It's wonderful to be able to go overseas and see the empowerment that people receive from the work we're doing. We focus on adult education, but I see it as family education because when parents have literacy skills their children's potential is multiplied.
Literacy is much more than reading, writing and numeracy. It's a tool for transformation: a basis for IT skills, understanding ballot papers, weighing produce or calculating change.
All of our projects are run in partnership with community-based organisations – we combine their local knowledge with our educational expertise.
I'm based in London and am the point of contact for most of our overseas partners, but I visit projects two or three times a year. I then cram as much into the two weeks as possible. There are lots of late nights tapping away on my laptop by torchlight, and I have to plan to charge it up when the generator is on.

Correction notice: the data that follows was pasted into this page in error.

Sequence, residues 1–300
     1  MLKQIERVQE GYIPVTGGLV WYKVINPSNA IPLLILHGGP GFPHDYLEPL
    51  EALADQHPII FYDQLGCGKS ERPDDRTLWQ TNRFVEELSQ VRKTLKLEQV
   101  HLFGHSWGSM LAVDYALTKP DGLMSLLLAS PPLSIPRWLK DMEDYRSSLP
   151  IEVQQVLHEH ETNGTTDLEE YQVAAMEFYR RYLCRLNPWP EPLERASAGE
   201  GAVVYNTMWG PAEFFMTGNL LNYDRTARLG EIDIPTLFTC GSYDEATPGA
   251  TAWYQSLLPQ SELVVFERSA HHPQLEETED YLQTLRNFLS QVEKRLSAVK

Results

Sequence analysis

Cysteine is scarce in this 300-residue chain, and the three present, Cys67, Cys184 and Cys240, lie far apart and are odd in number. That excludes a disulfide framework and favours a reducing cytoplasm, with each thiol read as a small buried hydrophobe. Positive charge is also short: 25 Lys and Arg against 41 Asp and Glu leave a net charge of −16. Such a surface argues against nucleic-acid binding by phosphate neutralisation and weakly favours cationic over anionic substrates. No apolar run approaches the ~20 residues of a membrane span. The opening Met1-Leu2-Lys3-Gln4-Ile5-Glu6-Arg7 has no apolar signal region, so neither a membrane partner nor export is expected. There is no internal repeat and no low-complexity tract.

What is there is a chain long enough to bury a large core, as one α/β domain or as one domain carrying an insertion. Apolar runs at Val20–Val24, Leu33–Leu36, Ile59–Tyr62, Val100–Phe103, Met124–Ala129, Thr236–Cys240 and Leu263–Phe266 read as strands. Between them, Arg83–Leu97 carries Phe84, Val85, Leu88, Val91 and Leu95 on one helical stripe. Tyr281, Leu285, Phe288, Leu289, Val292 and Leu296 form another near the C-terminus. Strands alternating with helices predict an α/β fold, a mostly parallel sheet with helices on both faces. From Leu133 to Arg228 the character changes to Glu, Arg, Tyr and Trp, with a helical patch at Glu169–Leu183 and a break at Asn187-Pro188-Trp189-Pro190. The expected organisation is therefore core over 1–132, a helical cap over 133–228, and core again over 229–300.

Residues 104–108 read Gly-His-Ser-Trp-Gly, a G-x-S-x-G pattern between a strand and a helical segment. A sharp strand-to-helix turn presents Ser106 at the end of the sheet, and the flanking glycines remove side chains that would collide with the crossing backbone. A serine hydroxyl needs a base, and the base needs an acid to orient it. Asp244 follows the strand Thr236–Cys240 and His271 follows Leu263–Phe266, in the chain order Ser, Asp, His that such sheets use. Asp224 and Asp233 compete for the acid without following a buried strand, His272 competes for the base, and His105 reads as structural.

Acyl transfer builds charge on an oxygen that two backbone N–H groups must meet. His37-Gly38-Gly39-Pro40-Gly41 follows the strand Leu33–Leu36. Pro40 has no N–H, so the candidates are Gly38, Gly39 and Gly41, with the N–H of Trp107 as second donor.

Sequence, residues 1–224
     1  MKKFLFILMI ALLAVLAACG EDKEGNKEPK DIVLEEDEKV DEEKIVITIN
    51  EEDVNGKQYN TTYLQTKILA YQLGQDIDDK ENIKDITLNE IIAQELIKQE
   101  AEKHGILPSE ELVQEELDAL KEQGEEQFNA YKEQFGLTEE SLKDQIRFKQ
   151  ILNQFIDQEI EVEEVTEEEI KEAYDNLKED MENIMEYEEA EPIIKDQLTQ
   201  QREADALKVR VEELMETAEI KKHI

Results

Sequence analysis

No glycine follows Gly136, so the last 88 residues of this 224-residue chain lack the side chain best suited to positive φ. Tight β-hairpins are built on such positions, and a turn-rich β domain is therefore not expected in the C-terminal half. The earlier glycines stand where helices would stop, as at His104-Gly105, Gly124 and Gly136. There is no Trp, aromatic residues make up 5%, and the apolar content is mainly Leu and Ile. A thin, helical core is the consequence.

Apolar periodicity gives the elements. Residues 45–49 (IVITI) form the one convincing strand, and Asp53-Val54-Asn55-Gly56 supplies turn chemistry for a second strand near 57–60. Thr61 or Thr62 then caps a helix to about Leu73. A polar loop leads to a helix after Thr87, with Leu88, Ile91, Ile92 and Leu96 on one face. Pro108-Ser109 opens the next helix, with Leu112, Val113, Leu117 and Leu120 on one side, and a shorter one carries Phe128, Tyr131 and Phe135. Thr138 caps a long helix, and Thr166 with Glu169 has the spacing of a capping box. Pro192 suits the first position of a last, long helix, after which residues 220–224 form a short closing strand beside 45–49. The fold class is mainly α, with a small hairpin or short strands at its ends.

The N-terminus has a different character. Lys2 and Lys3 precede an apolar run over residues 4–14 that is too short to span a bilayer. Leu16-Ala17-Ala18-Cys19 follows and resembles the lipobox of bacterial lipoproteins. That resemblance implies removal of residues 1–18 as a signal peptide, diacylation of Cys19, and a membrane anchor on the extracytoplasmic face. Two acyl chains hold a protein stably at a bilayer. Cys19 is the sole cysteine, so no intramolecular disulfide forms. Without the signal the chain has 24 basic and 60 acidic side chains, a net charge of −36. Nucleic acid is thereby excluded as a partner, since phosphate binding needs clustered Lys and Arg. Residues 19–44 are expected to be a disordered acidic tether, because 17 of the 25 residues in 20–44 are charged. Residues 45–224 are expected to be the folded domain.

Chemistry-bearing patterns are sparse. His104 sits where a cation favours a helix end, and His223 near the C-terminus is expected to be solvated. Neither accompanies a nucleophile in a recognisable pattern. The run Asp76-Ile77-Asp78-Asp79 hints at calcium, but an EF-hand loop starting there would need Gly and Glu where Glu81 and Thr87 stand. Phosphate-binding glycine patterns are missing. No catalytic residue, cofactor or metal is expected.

Back in the UK, I deal with various projects all over the world. I oversee the review of applications, process contracts and grants and am involved in project development and feedback. Most of our projects are in Africa so the time difference is manageable, but occasionally I stay late or start early in order to have direct contact with colleagues in the Caribbean or Asia. The Ebola virus is currently affecting the work we're doing in Sierra Leone and I'm in regular contact with colleagues there about what activities we can and can't do. If I don't hear from someone for a few days, I worry. I'm privileged to work with such committed people.
I enjoy the variety of a small organisation because I can get involved in lots of areas, including helping to plan our 50th anniversary celebrations this year. I've also become communications champion, which has forced me to stop being a social media Luddite. Now I tweet and we have online forums for our partners to share ideas.
Feed the Minds helps marginalised people to transform their lives through education by working with community-led projects in Africa, Asia and the Caribbean